The High Court in Lilongwe has ordered that six buses worth K520 million ($750 361) at the heart of Cashgate cases be handed over to the Executive arm of government to dispose of as they wish.
The six Scania Marcopolo semi-luxury coaches have been at National Police Headquarters at Area 30 in Lilongwe since 2013 when Fiscal Police impounded them from the franchise supplier on allegations that they were illegally purchased with funding from the then Ministry of Tourism, Wildlife and Culture.
Leonard Kalonga, a tourism officer at the ministry at the time, has since pleaded guilty to the charges of money laundering and abuse of office and awaits sentencing.
However, in his confession, Kalonga claimed that it was the then Ministry of Finance budget director Paul Mphwiyo who instructed him to provide K520 million to a Limbikani Gumbo in relation to the buses.
Said Kalonga in his affidavit: “I believed at all material times and I still believe that Mr Mphwiyo was behind the purchase of the six buses from APL [Automotive Products Ltd].”
Mphwiyo and 18 others are facing various charges in relation to the loss of K2.1 billion ($3 million) from government coffers in a case which is expected to resume on May 11.
In her order delivered on Friday, High Court Judge Fiona Mwale, who had earlier denied the State permission to dispose of the buses, said she was satisfied that the case in which the buses are part of had progressed to a stage that their disposal would not affect the outcome.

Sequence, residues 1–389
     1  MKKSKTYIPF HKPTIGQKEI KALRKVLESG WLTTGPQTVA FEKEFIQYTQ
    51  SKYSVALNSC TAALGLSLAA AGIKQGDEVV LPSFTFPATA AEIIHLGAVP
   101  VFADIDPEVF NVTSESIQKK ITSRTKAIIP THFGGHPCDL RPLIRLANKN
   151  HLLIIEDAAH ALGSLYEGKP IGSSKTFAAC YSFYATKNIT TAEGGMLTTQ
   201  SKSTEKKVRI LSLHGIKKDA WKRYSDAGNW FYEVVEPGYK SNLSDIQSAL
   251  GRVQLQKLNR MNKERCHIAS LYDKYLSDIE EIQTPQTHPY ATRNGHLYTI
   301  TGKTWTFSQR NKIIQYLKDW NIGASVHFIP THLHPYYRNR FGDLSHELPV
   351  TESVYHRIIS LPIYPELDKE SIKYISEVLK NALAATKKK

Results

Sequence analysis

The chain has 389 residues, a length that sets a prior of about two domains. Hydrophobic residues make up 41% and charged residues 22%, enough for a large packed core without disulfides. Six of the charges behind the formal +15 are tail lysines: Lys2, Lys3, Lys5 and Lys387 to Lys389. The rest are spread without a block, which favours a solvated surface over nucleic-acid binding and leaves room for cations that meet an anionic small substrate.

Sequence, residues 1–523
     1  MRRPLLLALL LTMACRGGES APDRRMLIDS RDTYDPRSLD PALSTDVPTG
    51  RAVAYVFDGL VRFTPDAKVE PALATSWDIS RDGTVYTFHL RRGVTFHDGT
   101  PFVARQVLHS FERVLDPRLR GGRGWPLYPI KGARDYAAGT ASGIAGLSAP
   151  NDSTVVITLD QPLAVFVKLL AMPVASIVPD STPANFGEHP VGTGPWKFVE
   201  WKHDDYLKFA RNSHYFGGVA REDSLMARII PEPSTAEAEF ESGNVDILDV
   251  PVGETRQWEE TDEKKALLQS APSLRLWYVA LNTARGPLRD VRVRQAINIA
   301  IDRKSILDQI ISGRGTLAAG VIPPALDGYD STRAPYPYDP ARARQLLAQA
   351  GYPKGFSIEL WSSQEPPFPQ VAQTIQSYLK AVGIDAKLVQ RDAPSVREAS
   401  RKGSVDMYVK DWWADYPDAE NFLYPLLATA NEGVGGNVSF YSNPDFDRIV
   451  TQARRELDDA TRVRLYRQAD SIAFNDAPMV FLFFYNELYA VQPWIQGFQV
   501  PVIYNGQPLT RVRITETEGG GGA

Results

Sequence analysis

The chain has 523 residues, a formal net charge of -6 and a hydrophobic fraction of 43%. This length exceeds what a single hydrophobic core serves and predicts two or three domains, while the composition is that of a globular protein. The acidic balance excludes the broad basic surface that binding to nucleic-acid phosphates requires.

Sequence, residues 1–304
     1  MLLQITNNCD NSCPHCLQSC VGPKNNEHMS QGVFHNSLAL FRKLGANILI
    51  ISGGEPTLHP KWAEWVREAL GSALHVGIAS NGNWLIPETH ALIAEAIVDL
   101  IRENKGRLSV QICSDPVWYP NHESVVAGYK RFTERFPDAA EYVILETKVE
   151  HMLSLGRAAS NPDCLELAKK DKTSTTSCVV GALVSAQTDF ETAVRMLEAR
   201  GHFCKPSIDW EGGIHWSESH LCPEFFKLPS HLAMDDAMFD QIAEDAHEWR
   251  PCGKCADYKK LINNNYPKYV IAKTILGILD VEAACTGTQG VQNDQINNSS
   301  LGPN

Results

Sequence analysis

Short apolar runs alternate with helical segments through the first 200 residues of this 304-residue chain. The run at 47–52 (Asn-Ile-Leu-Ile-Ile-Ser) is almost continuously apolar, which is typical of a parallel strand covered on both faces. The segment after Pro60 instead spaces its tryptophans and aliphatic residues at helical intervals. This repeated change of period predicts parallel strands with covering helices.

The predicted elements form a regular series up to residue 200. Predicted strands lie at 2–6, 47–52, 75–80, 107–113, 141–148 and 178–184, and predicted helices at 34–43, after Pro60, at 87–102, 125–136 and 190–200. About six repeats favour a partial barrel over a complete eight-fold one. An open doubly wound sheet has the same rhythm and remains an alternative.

The State wanted to dispose of the buses using Section 149 (1) of the Criminal Procedure and Evidence Code which states that the court may order the disposal or forfeiture of property in the course of a trial which may have been used in the commission of a crime.
In its application, the State said it had been a number of years since the buses were purchased and as they lie idle at Area 30, they are deteriorating in condition and depreciating in value.
Ordered the judge: “The Executive arm of the government, which is the rightful owner of the buses, should, therefore, be given ownership so that it may dispose of them as it deems fit.”
Mwale said it was her finding that although the matter was yet to be concluded, the case had sufficiently progressed for the purposes of Section 149 (1) of the Criminal Procedure and Evidence Code.
Attorney General Kalekeni Kaphale, whose office is the legal adviser to government, said he would only advise on the way forward once he has read the court order.
Mphwiyo’s shooting outside the gate of his Area 43 house in Lilongwe on the night of September 13 2013 is widely believed to have exposed the plunder of public resources at Capital Hill later known as Cashgate.
Former president Joyce Banda ordered an audit which British forensic audit firm, Baker Tilly, undertook between April and September 2013 and established that about K24 billion was siphoned from public coffers through dubious payments, inflated invoices and goods or services never rendered.
In May last year, a financial analysis report by audit and business advisory firm PricewaterhouseCoopers (PwC) also established that about K577 billion in public funds could not be reconciliated between 2009 and December 31 2014.